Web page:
If you have children, you are probably used to finding their belongings strewn all over the house. Their toys and books can easily pile up and overwhelm your sense of order. To minimize clutter in your home, create a plan for ordering your children's toys and your home. Set realistic goals for what you would like to achieve and have a plan for all the items you want to remove from your home.
Method 1 of 3: Follow a Cleaning Routine
Step 1. Tidy up one room at a time
Toys and children's things seem to find their place in every corner of the house. To avoid feeling overwhelmed, choose one room to tidy up at a time. If you're ready to take on a challenge, order your child's bedroom or playroom first. If you want to start small, choose a room that has some of your child's things, like your bedroom or bathroom.
Be realistic about your goals. You can order your child's toys if you take time between rooms to take breaks and donate the toys. This will prevent them from accumulating in your garage or attic
Step 2. Set goals
You may want to tidy up your entire house, but this can be difficult if you have young children running around. Think about what is most important to order and focus on setting realistic goals rather than goals that will only cause you stress and anxiety.
For example, instead of saying, "I'll tidy up the whole house while the kids are home in the morning," set a more reasonable goal like, "I'll tidy up the living room in the afternoon while the kids nap."
Step 3. Start with a small space
If your child's clutter is all over the place, you may not even know where to start. Try to order a small space first so that you have a sense of accomplishment and to familiarize yourself with sorting things out. For example, tidy up a small closet or bedroom before moving on to the playroom.
Ordering a small space will also help you gain confidence to continue. This will give you motivation to move on and tidy up the other spaces in the house
Step 4. Set a timer
If you have younger children, you may have trouble finding the time to order. Try to set a timer for 15-30 minutes so you can have a quick cleaning session. This is also a good idea if you have trouble motivating yourself to start homework. If you have older children and can spend time ordering, write deadlines on the goals you set.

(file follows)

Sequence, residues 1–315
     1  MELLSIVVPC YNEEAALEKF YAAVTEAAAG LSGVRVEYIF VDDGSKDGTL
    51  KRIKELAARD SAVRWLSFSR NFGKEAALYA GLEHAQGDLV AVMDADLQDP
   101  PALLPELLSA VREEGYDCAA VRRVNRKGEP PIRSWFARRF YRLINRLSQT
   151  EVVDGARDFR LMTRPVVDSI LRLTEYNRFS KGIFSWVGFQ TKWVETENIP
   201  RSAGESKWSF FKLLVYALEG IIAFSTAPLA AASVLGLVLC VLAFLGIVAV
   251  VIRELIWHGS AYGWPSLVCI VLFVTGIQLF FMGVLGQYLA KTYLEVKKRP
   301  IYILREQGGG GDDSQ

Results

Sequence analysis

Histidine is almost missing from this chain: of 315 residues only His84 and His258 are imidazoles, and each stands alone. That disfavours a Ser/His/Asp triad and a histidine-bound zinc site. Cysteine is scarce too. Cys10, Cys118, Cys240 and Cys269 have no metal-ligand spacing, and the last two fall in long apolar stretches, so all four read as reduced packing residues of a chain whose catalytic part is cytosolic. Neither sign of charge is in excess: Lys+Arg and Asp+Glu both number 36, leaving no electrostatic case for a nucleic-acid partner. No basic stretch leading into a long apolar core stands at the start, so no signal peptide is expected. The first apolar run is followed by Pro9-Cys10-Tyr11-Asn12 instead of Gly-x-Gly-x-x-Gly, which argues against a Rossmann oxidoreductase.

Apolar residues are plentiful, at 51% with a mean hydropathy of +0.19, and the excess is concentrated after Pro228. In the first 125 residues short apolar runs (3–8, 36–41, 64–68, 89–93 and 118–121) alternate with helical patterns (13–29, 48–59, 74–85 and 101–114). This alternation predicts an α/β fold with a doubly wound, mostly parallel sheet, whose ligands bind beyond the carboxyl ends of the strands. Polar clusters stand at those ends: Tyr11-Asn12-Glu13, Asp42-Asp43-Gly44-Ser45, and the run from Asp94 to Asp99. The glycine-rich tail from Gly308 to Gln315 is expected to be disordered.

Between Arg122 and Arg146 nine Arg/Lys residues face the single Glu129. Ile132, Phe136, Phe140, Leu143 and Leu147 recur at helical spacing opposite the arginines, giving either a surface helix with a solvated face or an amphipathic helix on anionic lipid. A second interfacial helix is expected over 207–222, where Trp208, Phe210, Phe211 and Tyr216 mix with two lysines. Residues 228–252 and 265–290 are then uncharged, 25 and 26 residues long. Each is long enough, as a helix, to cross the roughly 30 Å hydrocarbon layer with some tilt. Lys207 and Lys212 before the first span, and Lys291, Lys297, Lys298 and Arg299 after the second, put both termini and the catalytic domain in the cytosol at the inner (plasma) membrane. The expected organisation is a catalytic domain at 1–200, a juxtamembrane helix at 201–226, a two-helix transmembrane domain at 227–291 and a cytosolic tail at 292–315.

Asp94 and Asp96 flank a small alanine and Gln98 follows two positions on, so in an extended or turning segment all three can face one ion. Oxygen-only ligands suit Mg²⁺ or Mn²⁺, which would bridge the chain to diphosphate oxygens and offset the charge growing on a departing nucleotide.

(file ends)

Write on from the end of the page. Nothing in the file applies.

For example, if your goal is to tidy up the game room and garage, commit to spending no more than 2 hours in the game room and no more than 3 hours in the garage. Respect this time frame
Method 2 of 3: Sort the Toys
Step 1. Get your kids involved
If your children are old enough (they are at least 5 years old), have them help you sort their toys. Explain that you will only take the toys with which they do not play and make it clear that these toys will go to other children who will really enjoy playing with them. Be prepared to explain to your children what you do so they don't get upset or think you are punishing them. Getting your kids involved can actually make it easier to tidy up your house.
- If your children are very young and cannot help you or would be upset, order their toys when they are sleeping or outside the house. Just don't get rid of any toys that they are emotionally fond of.
- For example, tell your children, “We will spend a few minutes sorting the toys that they will no longer play with. This way we can donate them to the children who need them and they will have more space to play!”.
Step 2. Consider what toys you want your children to play with
Whether you are selling or ordering the toys your children have, think about what kinds of toys you want for them. Would you like them to play with educational or imaginative toys? Should the toys be well made or of high quality? Do you already have another version of the same toy?
Asking yourself these questions will help you decide what to keep and what to get rid of
Step 3. Sort toys before major holidays or celebrations